Five Signs You Might be.... an Artist!
Before I launch into the five signs I will be writing about in this article, we need a definition: art•ist \'ar-tist\n :one who practices an art: esp one who creates objects of beauty. (The Merriam-Webster Dictionary). This definition will come in handy later, so keep it in mind.
I have drawn and painted all my life, but only recently become comfortable with referring to myself as an artist. Somehow calling myself an artist seemed presumptuous, even bordering on arrogant. Now I understand that my interests, abilities, and "talents" speak more to who I am than necessarily what I do. I believe that many artists share certain characteristics and interests that set them apart. Being an artist is a great thing, though the world does not always recognize and value artists and their contributions. This lack of recognition and value has proven costly on a personal level for many people, but has left the world poorer for it as well.
In my exploring and thinking about this topic, I have identified five "signs" that may reveal that you, too, are an artist. See what you think....
1. Office Supply/Art Supply Geek
You are a person who loves a new pen or marker. You take pleasure in using paper and pencil to express your ideas. The physical action of creating lines is in itself rewarding. For you, using office supplies to modify and manipulate paper (stapling, cutting, taping, etc.) is fun. You experiment with different styles of handwriting. You see a blank sheet of paper as being full of potential.
You may also have discovered the joys of art supplies. While you may or may not have been trained in their use, the variety of colors of paints or markers attracts you. Your interest may also be in three-dimensional media. Perhaps you have fond memories of clay in school or of play doh as a child. These preferences or interests may be a sign that you are an artist.
You have always been a doodler. Whenever you have time to spare (waiting on hold on the phone, sitting through meetings at work, etc.) you fill the margins of your paper with your own brand of doodles. While it probably isn't an activity you take seriously, it is an enjoyable diversion.
You may have actually taken the step beyond doodling to drawings. Perhaps you loved to draw or paint or color as a child, only to have someone's unthinking criticism or description of the activity you enjoyed so much as a "waste of time." I think that such negative comments have discouraged many people from their artistic destiny.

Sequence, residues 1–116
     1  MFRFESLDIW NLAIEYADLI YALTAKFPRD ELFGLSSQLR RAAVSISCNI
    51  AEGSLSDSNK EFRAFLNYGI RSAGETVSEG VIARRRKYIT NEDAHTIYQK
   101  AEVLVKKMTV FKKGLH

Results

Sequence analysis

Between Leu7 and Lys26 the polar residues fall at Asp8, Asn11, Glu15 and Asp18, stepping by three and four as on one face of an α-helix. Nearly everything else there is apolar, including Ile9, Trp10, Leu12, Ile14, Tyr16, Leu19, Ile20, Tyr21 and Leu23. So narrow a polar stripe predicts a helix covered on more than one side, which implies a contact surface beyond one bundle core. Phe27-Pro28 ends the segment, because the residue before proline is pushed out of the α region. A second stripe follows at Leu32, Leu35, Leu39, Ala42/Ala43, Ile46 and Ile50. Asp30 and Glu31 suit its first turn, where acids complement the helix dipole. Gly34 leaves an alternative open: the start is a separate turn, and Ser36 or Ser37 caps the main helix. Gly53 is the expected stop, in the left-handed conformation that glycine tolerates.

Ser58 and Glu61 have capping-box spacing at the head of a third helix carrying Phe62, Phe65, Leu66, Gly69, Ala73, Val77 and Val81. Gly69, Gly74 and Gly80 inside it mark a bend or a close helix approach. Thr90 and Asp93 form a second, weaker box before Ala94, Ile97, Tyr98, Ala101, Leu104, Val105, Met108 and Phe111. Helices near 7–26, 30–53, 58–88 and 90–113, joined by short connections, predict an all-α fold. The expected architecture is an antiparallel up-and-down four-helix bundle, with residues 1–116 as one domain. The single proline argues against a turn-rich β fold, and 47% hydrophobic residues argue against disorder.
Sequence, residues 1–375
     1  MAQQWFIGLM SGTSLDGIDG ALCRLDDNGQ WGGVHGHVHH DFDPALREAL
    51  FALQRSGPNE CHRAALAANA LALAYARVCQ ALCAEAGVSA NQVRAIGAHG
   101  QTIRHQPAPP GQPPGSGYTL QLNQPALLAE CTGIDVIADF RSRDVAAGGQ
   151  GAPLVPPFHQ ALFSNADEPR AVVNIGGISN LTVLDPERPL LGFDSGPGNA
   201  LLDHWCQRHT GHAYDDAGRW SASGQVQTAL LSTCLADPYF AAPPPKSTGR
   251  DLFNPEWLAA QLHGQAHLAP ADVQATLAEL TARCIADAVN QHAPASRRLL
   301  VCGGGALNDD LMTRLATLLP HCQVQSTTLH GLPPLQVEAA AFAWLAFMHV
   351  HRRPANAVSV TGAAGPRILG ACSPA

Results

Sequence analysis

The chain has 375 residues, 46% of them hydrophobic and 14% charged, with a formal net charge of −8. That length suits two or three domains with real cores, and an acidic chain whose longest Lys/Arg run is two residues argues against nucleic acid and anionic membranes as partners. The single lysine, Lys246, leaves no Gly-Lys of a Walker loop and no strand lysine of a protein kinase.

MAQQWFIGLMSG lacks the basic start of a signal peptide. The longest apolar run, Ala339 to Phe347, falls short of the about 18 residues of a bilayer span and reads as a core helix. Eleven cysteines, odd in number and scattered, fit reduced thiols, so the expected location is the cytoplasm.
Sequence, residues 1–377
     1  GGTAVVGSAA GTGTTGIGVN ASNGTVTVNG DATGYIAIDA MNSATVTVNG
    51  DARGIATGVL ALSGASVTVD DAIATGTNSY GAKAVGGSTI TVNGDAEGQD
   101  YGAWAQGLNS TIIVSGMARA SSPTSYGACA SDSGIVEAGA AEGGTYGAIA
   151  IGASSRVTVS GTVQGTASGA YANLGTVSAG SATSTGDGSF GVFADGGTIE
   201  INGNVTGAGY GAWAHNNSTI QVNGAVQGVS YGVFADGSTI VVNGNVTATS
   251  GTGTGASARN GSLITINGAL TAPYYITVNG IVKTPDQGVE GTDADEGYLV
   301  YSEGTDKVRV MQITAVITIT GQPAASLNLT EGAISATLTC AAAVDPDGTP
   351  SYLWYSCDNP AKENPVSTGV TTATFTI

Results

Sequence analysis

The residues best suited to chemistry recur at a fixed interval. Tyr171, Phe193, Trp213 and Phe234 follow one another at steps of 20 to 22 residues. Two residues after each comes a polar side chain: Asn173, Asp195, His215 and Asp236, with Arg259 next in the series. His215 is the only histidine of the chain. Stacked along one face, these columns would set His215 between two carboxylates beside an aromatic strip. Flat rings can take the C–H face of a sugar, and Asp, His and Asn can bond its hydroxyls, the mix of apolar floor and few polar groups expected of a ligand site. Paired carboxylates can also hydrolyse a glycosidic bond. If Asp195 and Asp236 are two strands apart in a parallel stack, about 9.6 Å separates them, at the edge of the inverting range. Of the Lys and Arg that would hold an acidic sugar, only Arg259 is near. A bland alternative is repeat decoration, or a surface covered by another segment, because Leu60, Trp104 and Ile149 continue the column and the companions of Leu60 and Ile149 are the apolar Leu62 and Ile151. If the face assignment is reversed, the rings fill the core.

3. "Visual" Learner
You have always been a visual learner. Before a concept can be firmly grasped by a visual learner, he or she must be able to "see" it in his or her mind. This type of learner studies best with visual information - seeing words to learn their spelling rather than hearing the words being spelled, for example.
Visual learners love illustrations, photos, graphs, tables, and charts. All of these formats present information in highly visual forms. Visual learners say things like, "I see what you're saying," or "Let me look into the problem."
You have always had the ability to visualize scenes from a book. Descriptions in text become vivid in your mind's eye. When presented with a problem, you tend to visualize a solution, perhaps drawing images that help lead to an answer.
4. Fascination with Color, Line, and Pattern
You are a person who notices things like color, pattern, styling, and design. You may have been told you have an eye for color. You are pleased by things you find to be symmetrical, balanced, intricate; in a word, beautiful.
You notice the beauty of a sunset, while most people fail to look up. Similarly, you take note of "small things" others overlook - the play of light on the water, the graceful curve of a table leg, the intricacy of a seashell. Which brings me to sign number five...
5. A Sense of Wonder
Unlike most of your contemporaries, you still have the sense of wonder we all had as children. You are still excited by the things you encounter in your everyday life, though you may have learned to hide or muffle your enthusiasm to better fit in this jaded world. Though everyone around you seems to have lost it, you still see the world as a beautiful and magical place.
All of these "signs" may point to the fact that you are an artist. Life may not have been conducive to you discovering and nurturing this aspect of who you are, but it's not too late!
I am not suggesting you quit your job and sequester yourself in a studio somewhere, though that may be the path you determine is best for you. While I declare and testify that being an artist is a wonderful thing, there are challenges and trials involved.
What I do suggest is that you accept and seek to develop yourself in your artistic life. You do not have to make your living as an artist. Precious few of us are lucky enough to be able to do that. You do not have to have a degree from an art school, or validation from some other person that you are, indeed, an artist. You can, however, allow yourself to explore what being an artist might mean for you. It may mean taking an art course. It may be taking up those pencils or paint brushes that fascinate you or were set aside long ago. The goal may not be to create a great masterpiece, though that may be what happens. The goal really is to find, develop, and celebrate your true self. As our definition at the beginning of this article intimates, your very life, if lived as your authentic artistic self, could become an "object of beauty."
"It takes courage to grow up and become who you really are." - e.e. cummings